The following is an announcement from Community Markets. Have an announcement you'd like to share? Click here.
As the New York City region emerges from the darkness after Super Storm Sandy, here at Community Markets, we're getting updates from our vendors on the damage to their farms and food businesses. In some cases, such as with Garden of Eve Farm near Riverhead, Long Island, the damage was limited to fallen branches and wind tossed plants.
Other vendors, however, have suffered greater destruction, and we're sad to learn of the loss of Brooklyn Grange Bees. Brooklyn Grange, the world's largest rooftop farming operation, has fed the shoppers of our McGolrick Park Farmers Market all summer with their carefully-tended braising greens and fairytale eggplants.
Prior to the storm, they were also developing the biggest commercial apiary in New York City. Almost all of their hives got washed away on Monday when the East River waters surged. So far, Farm Manager Michael Meier, has been able to save the one surviving hive—here's a video of him in action. We're inspired by the Brooklyn Grange's determination, best summed up by this quote they posted yesterday: "This is one of those times you either throw your hands up and walk away or you double down. We're doubling down."
As advocates for a strong regional food system, so are we. We're working hard to get all of our markets up and running as of tomorrow, Friday, November 2nd. It looks like they are all happening as planned. Please stay tuned to our website homepage, our Twitter feeds and our Facebook page for up to the minute updates.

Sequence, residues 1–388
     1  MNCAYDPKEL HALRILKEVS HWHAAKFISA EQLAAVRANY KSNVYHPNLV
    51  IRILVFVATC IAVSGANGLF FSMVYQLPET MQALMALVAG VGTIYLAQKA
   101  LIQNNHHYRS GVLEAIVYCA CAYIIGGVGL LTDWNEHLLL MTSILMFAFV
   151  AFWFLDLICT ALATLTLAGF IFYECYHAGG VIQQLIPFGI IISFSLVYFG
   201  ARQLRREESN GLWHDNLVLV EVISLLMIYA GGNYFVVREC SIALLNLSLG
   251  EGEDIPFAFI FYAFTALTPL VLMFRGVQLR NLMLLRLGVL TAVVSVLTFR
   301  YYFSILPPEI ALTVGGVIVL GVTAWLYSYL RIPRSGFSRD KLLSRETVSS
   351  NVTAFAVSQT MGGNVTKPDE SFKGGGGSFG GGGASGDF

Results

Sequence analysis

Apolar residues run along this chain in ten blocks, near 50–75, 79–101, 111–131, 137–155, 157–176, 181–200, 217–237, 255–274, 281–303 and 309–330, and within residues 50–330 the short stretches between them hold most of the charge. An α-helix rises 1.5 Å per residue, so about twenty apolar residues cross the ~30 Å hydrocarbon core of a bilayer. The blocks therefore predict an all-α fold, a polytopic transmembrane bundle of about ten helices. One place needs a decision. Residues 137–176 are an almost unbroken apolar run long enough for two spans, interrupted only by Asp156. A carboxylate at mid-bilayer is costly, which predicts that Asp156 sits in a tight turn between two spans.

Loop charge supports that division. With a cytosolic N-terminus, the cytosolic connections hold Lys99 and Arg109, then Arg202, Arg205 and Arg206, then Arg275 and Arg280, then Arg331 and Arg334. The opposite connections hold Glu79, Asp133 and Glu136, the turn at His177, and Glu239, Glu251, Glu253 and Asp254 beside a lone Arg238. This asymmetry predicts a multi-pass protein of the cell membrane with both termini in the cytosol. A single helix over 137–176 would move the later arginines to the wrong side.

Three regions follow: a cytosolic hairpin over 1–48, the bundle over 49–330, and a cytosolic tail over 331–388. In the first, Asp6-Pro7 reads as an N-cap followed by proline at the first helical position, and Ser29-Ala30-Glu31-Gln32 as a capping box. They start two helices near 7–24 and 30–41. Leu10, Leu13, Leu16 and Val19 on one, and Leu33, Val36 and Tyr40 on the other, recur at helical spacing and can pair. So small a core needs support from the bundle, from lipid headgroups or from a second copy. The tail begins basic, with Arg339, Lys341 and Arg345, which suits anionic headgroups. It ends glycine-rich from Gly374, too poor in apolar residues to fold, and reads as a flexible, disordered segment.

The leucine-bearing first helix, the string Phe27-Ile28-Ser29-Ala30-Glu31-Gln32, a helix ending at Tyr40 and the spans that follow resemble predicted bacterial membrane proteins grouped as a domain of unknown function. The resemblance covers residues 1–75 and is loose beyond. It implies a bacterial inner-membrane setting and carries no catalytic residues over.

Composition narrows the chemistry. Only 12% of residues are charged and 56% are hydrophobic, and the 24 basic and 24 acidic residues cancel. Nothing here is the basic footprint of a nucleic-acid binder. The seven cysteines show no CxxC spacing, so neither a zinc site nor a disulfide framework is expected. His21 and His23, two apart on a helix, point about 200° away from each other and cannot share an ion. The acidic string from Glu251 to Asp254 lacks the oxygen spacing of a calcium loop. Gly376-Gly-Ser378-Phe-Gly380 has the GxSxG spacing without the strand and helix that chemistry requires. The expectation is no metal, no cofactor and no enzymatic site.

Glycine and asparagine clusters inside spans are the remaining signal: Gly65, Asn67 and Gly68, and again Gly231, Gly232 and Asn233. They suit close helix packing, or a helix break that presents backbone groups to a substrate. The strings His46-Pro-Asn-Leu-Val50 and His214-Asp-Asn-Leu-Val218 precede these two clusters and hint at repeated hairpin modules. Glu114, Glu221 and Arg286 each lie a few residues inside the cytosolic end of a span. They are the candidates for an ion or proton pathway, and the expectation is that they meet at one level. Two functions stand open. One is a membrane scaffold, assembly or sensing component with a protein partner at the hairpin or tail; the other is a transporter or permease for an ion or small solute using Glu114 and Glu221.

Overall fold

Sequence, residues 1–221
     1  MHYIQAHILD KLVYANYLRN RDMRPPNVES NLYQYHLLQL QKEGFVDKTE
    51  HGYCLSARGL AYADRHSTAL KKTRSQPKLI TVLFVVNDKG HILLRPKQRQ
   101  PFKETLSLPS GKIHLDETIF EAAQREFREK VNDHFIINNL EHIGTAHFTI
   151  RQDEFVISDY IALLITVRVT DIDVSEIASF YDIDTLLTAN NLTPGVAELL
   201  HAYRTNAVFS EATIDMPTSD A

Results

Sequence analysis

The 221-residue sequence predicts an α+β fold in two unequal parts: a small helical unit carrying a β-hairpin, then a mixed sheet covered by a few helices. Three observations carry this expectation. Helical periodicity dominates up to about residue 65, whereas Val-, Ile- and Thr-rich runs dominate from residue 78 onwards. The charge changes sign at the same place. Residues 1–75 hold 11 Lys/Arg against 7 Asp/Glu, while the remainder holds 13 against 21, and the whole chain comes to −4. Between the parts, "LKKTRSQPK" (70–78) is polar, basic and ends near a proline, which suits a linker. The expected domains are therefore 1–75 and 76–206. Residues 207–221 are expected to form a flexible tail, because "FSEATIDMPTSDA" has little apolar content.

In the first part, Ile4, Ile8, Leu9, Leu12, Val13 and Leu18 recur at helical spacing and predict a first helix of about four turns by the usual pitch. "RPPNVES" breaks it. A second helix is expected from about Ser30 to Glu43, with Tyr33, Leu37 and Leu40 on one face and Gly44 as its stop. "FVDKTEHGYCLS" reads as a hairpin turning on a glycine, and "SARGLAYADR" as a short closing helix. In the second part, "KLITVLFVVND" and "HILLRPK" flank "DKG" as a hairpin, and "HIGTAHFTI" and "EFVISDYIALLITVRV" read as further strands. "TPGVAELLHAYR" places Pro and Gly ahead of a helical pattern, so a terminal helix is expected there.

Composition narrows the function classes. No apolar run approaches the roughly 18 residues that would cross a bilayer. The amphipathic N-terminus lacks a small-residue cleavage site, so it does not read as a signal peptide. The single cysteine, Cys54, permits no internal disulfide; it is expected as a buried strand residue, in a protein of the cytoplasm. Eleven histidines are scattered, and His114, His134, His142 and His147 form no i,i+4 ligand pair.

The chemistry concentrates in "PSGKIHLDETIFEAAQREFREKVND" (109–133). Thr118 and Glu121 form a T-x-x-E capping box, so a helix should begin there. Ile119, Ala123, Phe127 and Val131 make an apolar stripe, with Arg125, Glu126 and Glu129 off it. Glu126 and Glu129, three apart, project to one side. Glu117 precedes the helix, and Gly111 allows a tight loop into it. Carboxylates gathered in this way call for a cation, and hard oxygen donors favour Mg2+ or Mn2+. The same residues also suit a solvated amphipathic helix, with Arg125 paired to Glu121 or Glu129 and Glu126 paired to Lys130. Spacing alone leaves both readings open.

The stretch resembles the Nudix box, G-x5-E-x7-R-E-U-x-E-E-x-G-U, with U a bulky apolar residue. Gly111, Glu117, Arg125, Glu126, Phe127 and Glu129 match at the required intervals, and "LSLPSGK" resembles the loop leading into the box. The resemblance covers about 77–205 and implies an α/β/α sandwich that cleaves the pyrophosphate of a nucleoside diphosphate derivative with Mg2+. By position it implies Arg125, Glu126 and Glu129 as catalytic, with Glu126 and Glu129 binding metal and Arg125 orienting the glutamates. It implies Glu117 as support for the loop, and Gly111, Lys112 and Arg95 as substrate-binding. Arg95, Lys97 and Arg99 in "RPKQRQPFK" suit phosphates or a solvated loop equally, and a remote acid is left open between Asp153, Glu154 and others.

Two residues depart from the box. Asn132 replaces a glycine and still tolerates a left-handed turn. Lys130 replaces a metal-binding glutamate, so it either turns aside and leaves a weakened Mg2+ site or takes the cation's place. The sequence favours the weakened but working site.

It's also time for the local food movement to double down. While climate change is still debated in some corners, even Governor Cuomo acknowledges that "These are extreme weather patterns. The frequency is increasing." When we look to the causes of climate change, two factors include 1) the burning of fossil fuels and 2) the use of chemical fertilizers. As part of the solution and not the problem, every week our farmers markets hosts vendorswho drive "to market and back in a day." They are farmers and food producers who cut a short - and transparent! -path from their food to our plate. As thoughtful stewards of the land we share, they grow their crops as naturally as possible. In light of the storm damage this week, they need our collective support now more than ever.
Mayor Bloomberg declared that all cars driving into Manhattan must have at least three passengers. This rule may make some drivers grumpy, but it has an important point: It's time to come together. From the team at Community Markets and all our vendors, we look forward to being with you at our farmers markets this week.
The Pleasantville Farmers' market takes place from 8:30 a.m. to 1 p.m. on Saturdays through December 15. This weekend, looking for apple tastings and Chefs for the Marcellus at the Community Table. This weekend's day vendors include: Benmarl Winery and Warwick Valley Winery.